Economic, political and cultural brokers in remote Papua New Guinea

This research project examines the role of brokers in shaping flows of knowledge, wealth and status at a resource frontier in Papua New Guinea.

Entrance to Owabi Corner, Suabi village, Western Province PNG [photo: Peter Dwyer]
Entrance to Owabi Corner, Suabi village, Western Province PNG [photo: Peter Dwyer]

Overview

This research project examines the role of brokers in shaping flows of knowledge, wealth and status at a resource frontier in Papua New Guinea, and how that role is changing as technologies such as mobile phones and associated social media platforms introduce new modes of engagement between local, national and global worlds.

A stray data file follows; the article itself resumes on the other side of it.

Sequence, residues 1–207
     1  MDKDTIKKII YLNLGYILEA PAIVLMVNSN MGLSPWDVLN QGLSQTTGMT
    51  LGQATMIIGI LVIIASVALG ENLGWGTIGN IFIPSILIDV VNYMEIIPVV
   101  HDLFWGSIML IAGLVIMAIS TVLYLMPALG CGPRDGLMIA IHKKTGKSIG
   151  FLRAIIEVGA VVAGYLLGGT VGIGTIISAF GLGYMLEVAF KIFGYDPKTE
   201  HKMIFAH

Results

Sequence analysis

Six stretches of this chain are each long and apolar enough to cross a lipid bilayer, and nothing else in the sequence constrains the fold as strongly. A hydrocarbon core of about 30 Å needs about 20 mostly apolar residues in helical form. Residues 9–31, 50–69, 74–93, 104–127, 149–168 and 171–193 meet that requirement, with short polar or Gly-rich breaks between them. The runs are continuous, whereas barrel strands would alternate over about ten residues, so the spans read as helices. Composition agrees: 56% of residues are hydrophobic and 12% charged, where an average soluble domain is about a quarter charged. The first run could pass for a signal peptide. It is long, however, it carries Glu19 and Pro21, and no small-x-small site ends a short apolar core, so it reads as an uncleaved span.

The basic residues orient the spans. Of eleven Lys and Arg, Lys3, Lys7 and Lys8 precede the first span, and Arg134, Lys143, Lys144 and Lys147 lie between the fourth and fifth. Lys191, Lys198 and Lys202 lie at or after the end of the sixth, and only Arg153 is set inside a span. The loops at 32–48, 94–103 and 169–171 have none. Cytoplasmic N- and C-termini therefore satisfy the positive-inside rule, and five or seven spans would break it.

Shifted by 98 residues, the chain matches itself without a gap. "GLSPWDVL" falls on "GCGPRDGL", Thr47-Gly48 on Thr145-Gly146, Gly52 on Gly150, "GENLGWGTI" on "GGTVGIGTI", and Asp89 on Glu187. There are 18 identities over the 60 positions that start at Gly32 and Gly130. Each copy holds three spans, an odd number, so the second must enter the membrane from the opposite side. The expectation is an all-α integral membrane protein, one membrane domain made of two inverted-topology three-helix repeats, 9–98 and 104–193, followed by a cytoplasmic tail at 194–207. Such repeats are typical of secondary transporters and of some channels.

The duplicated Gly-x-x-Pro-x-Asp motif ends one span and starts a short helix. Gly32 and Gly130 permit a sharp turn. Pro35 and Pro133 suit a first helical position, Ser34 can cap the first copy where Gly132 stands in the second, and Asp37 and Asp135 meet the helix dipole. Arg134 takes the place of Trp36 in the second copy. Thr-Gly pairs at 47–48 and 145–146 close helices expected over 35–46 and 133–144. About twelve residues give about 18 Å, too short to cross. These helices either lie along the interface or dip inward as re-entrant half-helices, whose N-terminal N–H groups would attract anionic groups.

As an extractive industry consolidates in a green field, particular individuals may emerge as brokers, acting to negotiate relations between members of their own community and representatives of the state, the companies and neighbouring communities. To the extent that such people are recognised and feted by outsiders so they are vulnerable to becoming complicit in, or submerged by, an ethos of inequality that, initially, they sought to manage on behalf of their constituents.

In contexts of these kinds, brokers may contribute both to differentiating the domains that they purport to bridge and to enhancing inequalities in their home communities.

By following the trajectories that key individuals from one community follow, and how these are fostered and interpreted by the audiences to whom they play, we are investigating the demands that brokers service, their positioning, and the tensions they seek to mediate.

Outcomes

Events, publications, reports, collaborations, impact etc

Project details

Research partners

Anthropology, The University of Papua New Guinea

Project team

Associate Professor Monica Minnegal

Dr Peter D Dwyer

Contact

Associate Professor Monica Minnegal